minimum wage        USA

 

https://www.nytimes.com/topic/subject/minimum-wage

 

 

https://www.npr.org/2020/02/26/
808113169/gives-me-hope-how-low-paid-workers-rose-up-against-stagnant-wages

 

https://www.npr.org/2020/01/09/
794280616/minimum-wage-hikes-fuel-higher-pay-growth-for-those-at-the-bottom

 

https://www.npr.org/sections/health-shots/2020/01/08/
794568118/raising-the-minimum-wage-by-1-may-prevent-thousands-of-suicides-study-shows

 

 

 

 

https://www.npr.org/2019/01/29/
689611873/in-maid-a-single-mother-finds-no-way-to-make-it-on-minimum-wage

 

 

 

 

https://www.npr.org/2018/12/30/
681055793/minimum-wages-rising-in-20-states-and-several-cities

 

https://www.npr.org/2018/07/27/
632723920/in-battle-pitting-cities-vs-states-over-minimum-wage-birmingham-scores-a-win

 

 

 

 

https://www.nytimes.com/2017/06/26/
business/economy/seattle-minimum-wage.html

 

 

 

 

http://www.npr.org/sections/thetwo-way/2016/11/29/
503719171/uber-drivers-other-workers-protest-for-15-minimum-wage

 

http://www.nytimes.com/2016/04/03/
sunday-review/how-the-15-minimum-wage-went-from-laughable-to-viable.html

 

http://www.nytimes.com/2016/02/19/
opinion/when-states-fight-to-overturn-good-local-labor-laws.html

 

http://www.nytimes.com/2016/02/17/
opinion/hillary-clinton-should-just-say-yes-to-a-15-minimum-wage.html

 

 

 

 

http://www.npr.org/sections/thesalt/2015/07/23/
425460095/fast-food-workers-cheer-as-15-minimum-wage-advances-in-new-york-state

 

http://www.nytimes.com/2015/05/21/
opinion/a-15-minimum-wage-bombshell-in-los-angeles.html

 

http://www.nytimes.com/2015/04/16/
opinion/a-new-day-for-the-minimum-wage.html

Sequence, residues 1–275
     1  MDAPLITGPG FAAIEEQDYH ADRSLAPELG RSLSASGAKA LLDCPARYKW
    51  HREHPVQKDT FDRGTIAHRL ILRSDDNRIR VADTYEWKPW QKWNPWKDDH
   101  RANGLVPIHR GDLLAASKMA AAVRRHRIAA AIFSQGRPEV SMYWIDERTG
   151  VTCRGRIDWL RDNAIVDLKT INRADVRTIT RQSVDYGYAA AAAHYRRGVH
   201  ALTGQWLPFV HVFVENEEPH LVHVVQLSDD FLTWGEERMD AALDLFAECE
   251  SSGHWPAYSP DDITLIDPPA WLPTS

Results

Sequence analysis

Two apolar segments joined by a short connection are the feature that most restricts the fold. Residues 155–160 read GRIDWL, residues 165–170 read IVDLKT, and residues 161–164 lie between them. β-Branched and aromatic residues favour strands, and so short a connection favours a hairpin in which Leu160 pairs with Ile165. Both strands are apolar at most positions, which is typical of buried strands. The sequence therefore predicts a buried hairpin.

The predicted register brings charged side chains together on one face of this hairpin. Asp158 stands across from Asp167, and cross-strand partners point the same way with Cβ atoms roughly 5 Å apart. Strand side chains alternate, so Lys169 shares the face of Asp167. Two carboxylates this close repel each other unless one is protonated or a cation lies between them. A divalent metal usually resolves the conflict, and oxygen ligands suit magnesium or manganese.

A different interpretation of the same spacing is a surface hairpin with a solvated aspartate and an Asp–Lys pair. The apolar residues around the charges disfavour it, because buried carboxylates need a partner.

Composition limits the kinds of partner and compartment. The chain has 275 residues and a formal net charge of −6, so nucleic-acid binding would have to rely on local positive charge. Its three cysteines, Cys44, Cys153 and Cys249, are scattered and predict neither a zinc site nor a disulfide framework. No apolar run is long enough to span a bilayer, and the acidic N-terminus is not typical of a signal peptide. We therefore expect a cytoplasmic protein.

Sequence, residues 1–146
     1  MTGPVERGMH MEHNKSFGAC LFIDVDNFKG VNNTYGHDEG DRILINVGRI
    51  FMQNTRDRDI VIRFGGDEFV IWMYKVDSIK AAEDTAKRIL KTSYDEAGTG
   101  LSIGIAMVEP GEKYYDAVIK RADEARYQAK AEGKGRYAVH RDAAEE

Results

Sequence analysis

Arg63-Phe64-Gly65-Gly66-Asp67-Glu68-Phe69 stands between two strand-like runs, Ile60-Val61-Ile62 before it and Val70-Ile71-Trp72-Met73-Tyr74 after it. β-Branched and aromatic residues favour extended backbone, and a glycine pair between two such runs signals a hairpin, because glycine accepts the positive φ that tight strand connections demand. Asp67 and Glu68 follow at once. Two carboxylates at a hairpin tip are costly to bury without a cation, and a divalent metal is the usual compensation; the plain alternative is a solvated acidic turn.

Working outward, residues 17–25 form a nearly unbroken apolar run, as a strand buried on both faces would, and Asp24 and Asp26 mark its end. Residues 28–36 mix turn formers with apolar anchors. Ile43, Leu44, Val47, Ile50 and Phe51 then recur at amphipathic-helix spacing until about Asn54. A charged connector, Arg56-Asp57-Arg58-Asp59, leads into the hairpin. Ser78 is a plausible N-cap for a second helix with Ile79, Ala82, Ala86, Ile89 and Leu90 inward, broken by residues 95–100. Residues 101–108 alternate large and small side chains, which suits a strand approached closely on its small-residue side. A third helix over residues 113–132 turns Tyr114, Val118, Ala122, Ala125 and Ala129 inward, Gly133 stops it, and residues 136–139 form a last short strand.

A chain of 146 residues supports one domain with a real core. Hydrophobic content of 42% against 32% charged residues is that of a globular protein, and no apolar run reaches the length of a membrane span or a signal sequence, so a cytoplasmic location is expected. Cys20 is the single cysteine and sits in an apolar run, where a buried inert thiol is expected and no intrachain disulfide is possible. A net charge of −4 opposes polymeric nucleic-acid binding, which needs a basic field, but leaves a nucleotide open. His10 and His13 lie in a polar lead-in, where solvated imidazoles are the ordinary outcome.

http://www.nytimes.com/2015/04/14/
business/owner-of-gravity-payments-a-credit-card-processor-
is-setting-a-new-minimum-wage-70000-a-year.html

 

http://www.nytimes.com/2015/04/13/
business/economy/working-but-needing-public-assistance-anyway.html

 

 

 

 

http://www.nytimes.com/2014/07/28/
business/a-big-union-intensifies-fast-food-wage-fight.html

http://www.nytimes.com/2014/04/25/
opinion/egan-how-to-kill-the-minimum-wage-movement.html

http://www.nytimes.com/2014/03/14/
opinion/economists-hit-back-in-the-minimum-wage-wars.html

http://www.nytimes.com/2014/02/28/
opinion/business-and-the-minimum-wage.html

http://www.nytimes.com/2014/02/19/
business/mixed-results-in-us-study-of-increasing-minimum-wage.html

http://www.nytimes.com/2014/02/10/us/
politics/fight-over-minimum-wage-illustrates-web-of-industry-ties.html

http://www.nytimes.com/2014/02/09/
opinion/sunday/the-case-for-a-higher-minimum-wage.html

http://www.npr.org/blogs/money/2014/01/16/
263129670/the-birth-of-the-minimum-wage-in-america

 

http://www.nytimes.com/2013/02/13/us/
politics/obama-pushes-for-increase-in-federal-minimum-wage.html

http://www.nytimes.com/2013/11/08/
business/10-minimum-wage-proposal-has-obamas-backing.html

http://www.nytimes.com/2013/01/05/
opinion/meanwhile-at-the-bottom-of-the-wage-scale.html

 

http://www.usatoday.com/news/washington/2007-01-24-
minimum-wage_x.htm

 

http://www.usatoday.com/news/washington/2006-12-21-
bush-minimum-wage_x.htm

http://www.usatoday.com/news/washington/2006-05-09-
minimum-wage_x.htm

 

 

 

 

 

 

 

minimum wage earners        UK

 

http://www.theguardian.com/society/2013/oct/26/
national-minimum-wage-earners

 

 

 

 

 

 

 

minimum wage > pro-labor laws passed by cities and counties        USA

 

http://www.nytimes.com/2016/02/19/
opinion/when-states-fight-to-overturn-good-local-labor-laws.html

 

 

 

 

 

 

 

live on the minimum wage        USA

 

http://www.nytimes.com/2014/02/09/
opinion/sunday/the-case-for-a-higher-minimum-wage.html

 

 

 

 

 

 

 

 

 

 

 

 

 

 

maximum wage        UK

https://www.theguardian.com/commentisfree/picture/2017/jan/10/
steve-bell-on-jeremy-corbyns-maximum-wage-proposal-cartoon

 

 

 

 

 

 

 

 

 

 

 

 

 

 

wage stagnation        USA

http://www.npr.org/2016/05/05/